The assumption that ‘it is wrong to impose your moral beliefs onto others’ is almost unilaterally accepted in society. Everyone knows this, only zealous religious types seem to believe that it is acceptable to try to foist their morality onto others; the concept of respecting other people’s beliefs seems to be lost on the religious.
One does not have to look far to see this assumption at work; in the Aotearoa Ethnic Network Journal atheist commentator, Ken Perrott, writes,
Non-religious people have the right to be free from interference by religious people and organisations, freedom from proselytising, and freedom from imposition of values, morality and practice. I don’t think religious people should see this as in any way violating their rights. If anything, it helps preserve the sacredness of their beliefs –imposition on others degrades a belief.
Perrott is clear; those with religious beliefs should not demand that others comply with their views on morality. This criticism is not new, we see it regularly in the media and it is equally prevalent in academia. In her book, The Abortion Myth, bio-ethicist Leslie Cannold writes,
In the United States, the feminist rejection of the moral had a strong connection to the anti-choice religious right’s promotion of itself as the “moral” voice of the Republican movement. The agenda of the Christian right is, to put it rather baldly, to make the Bible (rather than the secular U.S Constitution) the supreme law of the land. The United States religious right, like most religious extremists, believe their political beliefs are actually God’s will. … [Feminism is opposed] to one religious group’s imposition of its rather narrow version of morality on a pluralistic society.
Cannold states that any appeals to Gods will, as laid down in the Bible, constitute an imposition of moral views onto others. Feminists such as her, she assures us, oppose such things.
I find the claim, that it is wrong to impose your moral beliefs onto others, strange. Despite widespread acceptance to the contrary, I see nothing objectionable in imposing moral beliefs onto others.
While this comment may strike many as absurd, I assure you it is not for the following reasons. First of all, to claim that it is wrong to impose your moral beliefs onto others is self-defeating. Second, the contention is subject to serious counter-examples. I’ll explain what I mean.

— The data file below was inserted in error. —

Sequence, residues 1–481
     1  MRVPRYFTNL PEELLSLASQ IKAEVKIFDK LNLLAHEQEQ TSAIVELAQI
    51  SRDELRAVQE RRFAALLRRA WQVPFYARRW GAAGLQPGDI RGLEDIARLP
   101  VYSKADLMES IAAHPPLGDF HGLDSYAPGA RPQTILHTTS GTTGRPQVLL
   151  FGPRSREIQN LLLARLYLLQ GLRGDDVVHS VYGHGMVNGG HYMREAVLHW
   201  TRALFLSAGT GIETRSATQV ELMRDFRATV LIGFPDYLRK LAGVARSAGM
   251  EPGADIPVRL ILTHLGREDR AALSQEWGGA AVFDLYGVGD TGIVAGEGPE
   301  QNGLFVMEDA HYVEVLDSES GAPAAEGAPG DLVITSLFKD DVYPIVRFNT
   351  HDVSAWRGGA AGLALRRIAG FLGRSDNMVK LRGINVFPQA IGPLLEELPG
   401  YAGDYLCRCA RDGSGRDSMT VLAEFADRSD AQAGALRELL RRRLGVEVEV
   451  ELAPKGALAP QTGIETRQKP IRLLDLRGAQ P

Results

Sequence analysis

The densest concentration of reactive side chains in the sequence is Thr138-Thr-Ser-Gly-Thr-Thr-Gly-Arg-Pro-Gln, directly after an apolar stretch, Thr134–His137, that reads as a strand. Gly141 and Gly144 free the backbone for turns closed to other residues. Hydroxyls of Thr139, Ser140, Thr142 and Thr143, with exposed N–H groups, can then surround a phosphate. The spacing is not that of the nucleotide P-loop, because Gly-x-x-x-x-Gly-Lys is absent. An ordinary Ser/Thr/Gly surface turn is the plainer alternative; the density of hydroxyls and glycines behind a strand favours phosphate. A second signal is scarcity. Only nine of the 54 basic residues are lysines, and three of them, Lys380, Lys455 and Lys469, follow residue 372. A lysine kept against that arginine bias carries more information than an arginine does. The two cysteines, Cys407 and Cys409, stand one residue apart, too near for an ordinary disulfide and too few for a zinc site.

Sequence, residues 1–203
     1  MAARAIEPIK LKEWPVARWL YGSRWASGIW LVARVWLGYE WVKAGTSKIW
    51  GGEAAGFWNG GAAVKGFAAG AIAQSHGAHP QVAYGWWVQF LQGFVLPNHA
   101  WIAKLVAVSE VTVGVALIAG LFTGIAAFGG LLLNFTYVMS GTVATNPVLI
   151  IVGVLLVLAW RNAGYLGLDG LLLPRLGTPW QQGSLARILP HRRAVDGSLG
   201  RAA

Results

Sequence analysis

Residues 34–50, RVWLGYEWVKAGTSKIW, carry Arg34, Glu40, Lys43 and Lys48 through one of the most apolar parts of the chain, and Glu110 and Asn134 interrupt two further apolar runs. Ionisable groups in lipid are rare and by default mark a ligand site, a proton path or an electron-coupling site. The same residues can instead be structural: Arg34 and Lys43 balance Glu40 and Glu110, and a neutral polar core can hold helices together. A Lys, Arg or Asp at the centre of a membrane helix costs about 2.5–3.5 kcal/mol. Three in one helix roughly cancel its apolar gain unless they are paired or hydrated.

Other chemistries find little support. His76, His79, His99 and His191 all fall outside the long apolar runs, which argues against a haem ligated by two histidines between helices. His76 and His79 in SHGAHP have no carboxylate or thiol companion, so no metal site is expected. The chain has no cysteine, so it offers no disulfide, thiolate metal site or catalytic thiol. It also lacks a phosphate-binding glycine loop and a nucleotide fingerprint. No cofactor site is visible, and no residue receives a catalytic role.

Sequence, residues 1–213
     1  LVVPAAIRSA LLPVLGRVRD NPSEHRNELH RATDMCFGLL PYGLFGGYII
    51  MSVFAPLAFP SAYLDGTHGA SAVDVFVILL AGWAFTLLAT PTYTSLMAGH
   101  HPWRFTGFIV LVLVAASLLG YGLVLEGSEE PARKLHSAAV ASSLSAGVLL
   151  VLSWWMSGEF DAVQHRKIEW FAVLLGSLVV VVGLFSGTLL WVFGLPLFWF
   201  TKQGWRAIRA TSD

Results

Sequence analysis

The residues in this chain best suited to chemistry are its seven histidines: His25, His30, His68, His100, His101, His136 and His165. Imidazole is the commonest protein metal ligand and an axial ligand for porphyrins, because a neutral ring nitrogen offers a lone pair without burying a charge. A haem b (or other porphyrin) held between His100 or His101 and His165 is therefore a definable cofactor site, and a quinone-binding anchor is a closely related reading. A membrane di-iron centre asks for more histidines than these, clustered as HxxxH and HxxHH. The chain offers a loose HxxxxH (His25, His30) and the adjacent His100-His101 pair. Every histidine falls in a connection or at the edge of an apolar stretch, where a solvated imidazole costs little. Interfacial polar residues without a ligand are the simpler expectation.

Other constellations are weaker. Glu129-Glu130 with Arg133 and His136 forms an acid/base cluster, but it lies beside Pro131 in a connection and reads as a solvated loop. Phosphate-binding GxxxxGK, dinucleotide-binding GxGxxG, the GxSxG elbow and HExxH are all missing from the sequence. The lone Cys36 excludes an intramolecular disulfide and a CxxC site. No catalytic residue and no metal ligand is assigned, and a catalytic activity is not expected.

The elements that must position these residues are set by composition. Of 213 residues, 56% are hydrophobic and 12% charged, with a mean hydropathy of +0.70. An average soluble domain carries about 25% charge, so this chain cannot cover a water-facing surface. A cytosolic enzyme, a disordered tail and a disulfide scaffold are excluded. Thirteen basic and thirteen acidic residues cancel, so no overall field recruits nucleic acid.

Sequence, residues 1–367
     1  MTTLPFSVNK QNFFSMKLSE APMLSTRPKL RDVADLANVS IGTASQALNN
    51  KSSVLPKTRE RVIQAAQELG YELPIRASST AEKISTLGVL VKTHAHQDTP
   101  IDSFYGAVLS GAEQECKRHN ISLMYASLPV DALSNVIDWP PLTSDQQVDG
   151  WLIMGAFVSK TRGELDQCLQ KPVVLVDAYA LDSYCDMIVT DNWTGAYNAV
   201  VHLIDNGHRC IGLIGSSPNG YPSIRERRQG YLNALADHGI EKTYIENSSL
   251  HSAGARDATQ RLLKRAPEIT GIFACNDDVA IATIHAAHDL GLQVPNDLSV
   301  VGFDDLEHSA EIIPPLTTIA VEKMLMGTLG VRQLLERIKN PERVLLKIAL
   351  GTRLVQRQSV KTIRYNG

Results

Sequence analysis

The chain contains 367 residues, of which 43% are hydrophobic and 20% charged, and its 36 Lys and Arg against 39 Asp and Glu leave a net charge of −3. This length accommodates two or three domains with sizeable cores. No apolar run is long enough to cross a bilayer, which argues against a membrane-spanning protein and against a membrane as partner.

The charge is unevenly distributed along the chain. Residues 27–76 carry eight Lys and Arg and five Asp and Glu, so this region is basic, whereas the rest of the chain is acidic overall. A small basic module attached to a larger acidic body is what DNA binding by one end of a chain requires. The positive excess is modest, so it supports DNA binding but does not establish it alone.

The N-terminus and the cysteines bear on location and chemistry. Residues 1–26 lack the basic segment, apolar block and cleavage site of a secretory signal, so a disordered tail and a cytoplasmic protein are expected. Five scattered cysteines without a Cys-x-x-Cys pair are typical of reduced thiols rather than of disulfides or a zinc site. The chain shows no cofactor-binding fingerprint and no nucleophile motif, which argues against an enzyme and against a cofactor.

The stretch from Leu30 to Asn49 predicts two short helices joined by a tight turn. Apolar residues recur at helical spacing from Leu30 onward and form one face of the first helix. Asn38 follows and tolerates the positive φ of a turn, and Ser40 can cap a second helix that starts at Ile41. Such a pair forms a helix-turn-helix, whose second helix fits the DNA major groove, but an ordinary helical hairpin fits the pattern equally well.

If it is wrong to impose one’s beliefs onto others then it follows that one is required to refrain from such impositions; further, any attempt to impose moral beliefs should be prevented. However, this claim is itself a moral belief and as we’ve just established, it is being imposed on others. Therefore the claim is self-defeating, those who defend it are attempting to impose a moral belief about not-imposing moral beliefs onto others.
As for the counter examples, consider acts such as rape, assault or infanticide. I personally believe each of these practices is wrong for me to engage in. Further, I think it is wrong for others to do these things. In fact, I even support the commission of these acts being considered a crime punishable by the state. I am sure most would agree with me. However, if it were wrong to impose moral beliefs onto others then our position on rape, assault or infanticide would be unacceptable. We would have to leave others free to choose whether they wished to rape, assault or kill children – to do otherwise would be to impose our moral beliefs onto others.
Perhaps I am being uncharitable; Perrott and Cannold and others who advocate the claim, do not object to such impositions in an unqualified manner and certainly do not intend to promote anarchy. Their objection is that it is inappropriate to impose certain kinds of moral principles upon others.
The types of principles Cannold means to catch are those she labels “narrow”. What is meant by this spatial metaphor is unclear; however, I presume she means that this is a minority religious view, held by only a small segment of society.
Implicit in this argument is the claim that a necessary condition for any principle to be advocated as a basis for rules binding on all people is that the majority accepts the principle. However, this majoritarianism modification to the claim that it is wrong to impose your moral beliefs onto others is equally flawed.
Consider a culture where the majority believes that a husband has the right to beat his wife. Would Cannold contend that in such a society criticism by a Christian-feminist minority of this practice and their advocacy of norms forbidding spousal abuse is an unacceptable imposition of a narrow religious perspective in a pluralistic society? Would it be true that in such a society public policy could not be based on the moral principle that it is wrong for a man to beat his wife?
The objection to imposing one’s “narrow” moral beliefs onto others is flawed. What is wrong is not the imposition of someone’s values but the imposition of values that are incorrect, irrational, unethical, oppressive or unjust. If the principles expounded are correct and accurately reflect justice then there is nothing wrong with imposing them onto others, even if they are religious beliefs.
I write a monthly column for Investigate Magazine entitled Contra Mundum. This blog post was published in the September 09 issue and is reproduced here with permission. Contra Mundum is Latin for ‘against the world;’ the phrase is usually attributed to Athanasius who was exiled for defending Christian orthodoxy.
Letters to the editor should be sent to: editorial@investigatemagazine.DELETE.com